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Harold and the drunken spirit

By Peter Theuri | June 7th 2021

The secret is to be famous. If you ask Harold, it does not matter how that fame comes. When I showed him clips of Embarambamba and explained how the artiste transformed from an unknown village character sliding up and down trees in the name of music and to be well known nationally, he was impressed.

In his eyes was the look of fulfilment; he strongly felt that his message in church had at least helped a man reach his destiny.

“It is not about the hows,” he says, “but the ifs. No one wants to know how I became the most loved priest in Gitegi. But they would be concerned with if I became the most loved pastor in Gitegi.”

Someone raised his hand and asked Harold how he had become a pastor and who it was that had lied to him that the village loved him. You should have seen the scowl on Harold’s face as he answered me, calling me a hopeless ingrate who would never be accepted, or loved, by the village.

It was on theatrics that Harold gained the fame that he enjoys. And it is theatrics that maintain his fame in the village.

You will remember that Harold was the first man to own a car in the village. It was a pickup truck that now sits in the backyard, decaying, having been grounded after knocking down countless dogs in the village. 

That pickup was stolen a few ridges away from a settler and repainted at night, with Harold later using it as a taxi to ferry everything that needed to be moved.

The only thing that he failed to move was mountains, which Faith came hoping he would after yet another con pastor had challenged his congregation, asking them why they disputed that Faith could move mountains.

Harold, desolate after the hi court, the court of uphill and the soup rim court, which sits around a cauldron of soup of wisdom and dips straws through the rim, decided that the pickup should be grounded, turned to the bottle.

Sleeping in trenches, missing his way home, being beaten up by night runners, and stopping a presidential motorcade that had strayed into the village, made him a celebrity.

He was constantly on people’s lips for all the wrong reasons.

Once, drunk, Harold fell into a freshly dug grave just hours before a burial. During the funeral ceremony, it was discovered that someone was singing incoherently from inside the grave, and a few theorists who had read the books of traditional practices suggested that Harold should be buried alive; it had to be the ancestors calling him into the grave.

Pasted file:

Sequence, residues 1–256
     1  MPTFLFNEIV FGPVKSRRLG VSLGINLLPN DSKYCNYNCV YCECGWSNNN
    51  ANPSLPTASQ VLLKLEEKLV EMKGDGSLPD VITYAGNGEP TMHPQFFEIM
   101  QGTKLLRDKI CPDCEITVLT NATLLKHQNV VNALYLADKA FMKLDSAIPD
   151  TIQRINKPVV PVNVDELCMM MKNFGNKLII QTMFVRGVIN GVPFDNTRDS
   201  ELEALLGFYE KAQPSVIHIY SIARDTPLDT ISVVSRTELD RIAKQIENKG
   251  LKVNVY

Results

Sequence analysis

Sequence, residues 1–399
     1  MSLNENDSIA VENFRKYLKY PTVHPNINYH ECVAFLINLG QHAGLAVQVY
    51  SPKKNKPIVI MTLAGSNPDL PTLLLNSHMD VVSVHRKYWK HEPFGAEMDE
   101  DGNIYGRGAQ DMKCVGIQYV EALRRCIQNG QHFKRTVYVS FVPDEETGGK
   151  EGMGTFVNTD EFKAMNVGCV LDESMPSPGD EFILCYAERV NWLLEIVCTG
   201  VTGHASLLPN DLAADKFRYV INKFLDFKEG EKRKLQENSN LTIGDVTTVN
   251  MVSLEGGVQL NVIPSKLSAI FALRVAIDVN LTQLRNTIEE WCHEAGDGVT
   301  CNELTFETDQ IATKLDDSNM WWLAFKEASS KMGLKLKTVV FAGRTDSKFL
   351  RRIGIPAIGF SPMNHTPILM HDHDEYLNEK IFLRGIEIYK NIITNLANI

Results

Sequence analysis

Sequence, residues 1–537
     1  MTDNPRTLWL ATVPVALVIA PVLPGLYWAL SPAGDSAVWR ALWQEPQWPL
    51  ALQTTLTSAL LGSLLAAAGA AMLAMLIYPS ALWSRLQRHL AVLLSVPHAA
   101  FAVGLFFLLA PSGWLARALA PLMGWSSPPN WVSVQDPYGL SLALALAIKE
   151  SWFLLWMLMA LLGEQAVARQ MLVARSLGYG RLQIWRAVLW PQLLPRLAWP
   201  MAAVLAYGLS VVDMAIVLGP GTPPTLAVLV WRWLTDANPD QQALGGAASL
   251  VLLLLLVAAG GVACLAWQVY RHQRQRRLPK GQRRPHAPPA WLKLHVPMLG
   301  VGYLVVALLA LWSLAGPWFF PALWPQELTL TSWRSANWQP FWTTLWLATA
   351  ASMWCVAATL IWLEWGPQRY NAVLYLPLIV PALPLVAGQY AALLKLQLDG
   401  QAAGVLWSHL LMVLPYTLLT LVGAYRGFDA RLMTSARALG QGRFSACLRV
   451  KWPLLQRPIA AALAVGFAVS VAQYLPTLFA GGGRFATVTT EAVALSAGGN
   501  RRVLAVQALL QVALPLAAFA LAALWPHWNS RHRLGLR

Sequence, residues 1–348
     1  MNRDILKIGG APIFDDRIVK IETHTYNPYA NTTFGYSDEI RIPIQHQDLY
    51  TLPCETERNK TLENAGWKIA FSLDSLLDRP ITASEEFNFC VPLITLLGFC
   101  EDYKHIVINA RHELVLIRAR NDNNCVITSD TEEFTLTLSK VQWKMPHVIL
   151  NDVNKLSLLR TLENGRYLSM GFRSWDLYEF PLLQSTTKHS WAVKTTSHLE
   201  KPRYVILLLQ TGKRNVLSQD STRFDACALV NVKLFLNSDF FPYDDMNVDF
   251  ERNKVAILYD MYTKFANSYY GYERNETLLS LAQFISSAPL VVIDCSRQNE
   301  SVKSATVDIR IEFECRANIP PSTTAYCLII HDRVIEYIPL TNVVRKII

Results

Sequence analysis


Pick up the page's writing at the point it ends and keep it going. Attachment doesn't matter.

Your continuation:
At the shopping centre, Harold is a legend. He has debts that exceed the worth of all the shops combined. He has eaten a truckload of food from the hotel on credit and has probably gulped down one pickup of alcohol that he will never pay for.

“Pete, what you should understand is that it does not matter what you will be remembered for. What matters is if you will be remembered - at all. Once you are gone, young man, even I will not remember you,” he told me after church, lambasting me for embarrassing him.

This man has done things none of you would want to be associated with.

How he was declared a man filled with the spirit is the best story you would want to hear.

Years ago, Harold went to the pub as usual and, while drinking, starting playing his con games on his fellow revellers. It was not his day and he failed to convince them why they should give him money to literally “buy myself time to pay my debts, and I will pay yours too”.

They chased him out of the bar and he ran straight to where the then pastor used to hold his sermons, under a tree.

Harold climbed the tree.

It was Sunday and service soon began.

The pastor was explaining how the spirit came down when a tired Harold slumped onto the ground, unconscious.

Literally, the spirit had come down.

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